According to a recent statement from Maxime Bernier, the People’s Party of Canada has raised over $72,000 after 24 hours of officially being registered as a party with Elections Canada.
The party now also boasts over 34,000 members, as well as an association in every riding across the country, making it the fastest growing party in Canadian history.
“We just got recognized by Elections Canada and raised $72,000 in the following 24 hours. We have 34,000 members. Our main organizational problem is keeping up with our fast growth. There are so many things to do! We certainly don’t have the same resources as the established parties yet, but we compensate with strong ideas, principles, motivation and clear momentum on our side. After holding speeches and rallies in four cities this week, and seeing how much hunger there is for my new approach to politics, I’m more than hopeful that we can create a real surprise in October.”Maxime Bernier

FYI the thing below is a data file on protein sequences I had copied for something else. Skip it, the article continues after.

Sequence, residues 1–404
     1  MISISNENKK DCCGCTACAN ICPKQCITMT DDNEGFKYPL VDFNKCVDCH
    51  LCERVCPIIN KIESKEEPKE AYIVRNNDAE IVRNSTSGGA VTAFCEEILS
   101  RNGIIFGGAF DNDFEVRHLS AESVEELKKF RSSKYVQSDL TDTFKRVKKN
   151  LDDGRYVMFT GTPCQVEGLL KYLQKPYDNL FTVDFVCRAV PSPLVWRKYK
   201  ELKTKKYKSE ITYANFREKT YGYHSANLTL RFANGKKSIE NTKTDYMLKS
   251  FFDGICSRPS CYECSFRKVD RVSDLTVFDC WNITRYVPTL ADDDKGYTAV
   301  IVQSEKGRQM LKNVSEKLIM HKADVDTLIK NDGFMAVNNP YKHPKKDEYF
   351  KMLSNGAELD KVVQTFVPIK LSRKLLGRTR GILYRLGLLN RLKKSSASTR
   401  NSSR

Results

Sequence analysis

A portion of this is likely due to the immense advancements in technology which now allow for cross nation organization, as well as the populist tide which has been growing
They have managed to run a cross-nation campaign with far fewer resources, and for the most part, far more media scrutiny.
Perhaps most interesting, in a recent poll by Mainstreet Research for the Burnaby South by-election, the PPC’s candidate Laura-Lynn Tyler Thompson has received an 8.7% approval, far higher than their national popularity which currently stands at roughly 1.4%.
This could be because of the attention the riding has been recieving, or potentially due to higher spending from the PPC. In any case it paints a worrying picture for Andrew Scheer’s Conservatives, if the PPC’s support levels stay consistent.
This would show that in areas where the PPC are contesting seats, they are able to actively take large portions of the vote, even in ridings such as Burnaby South which has traditionally been a Liberal/NDP flip.
With so much momentum, it is hard to imagine the PPC not winning some seats in the 2019 election, especially in areas traditionally considered Conservative strongholds.
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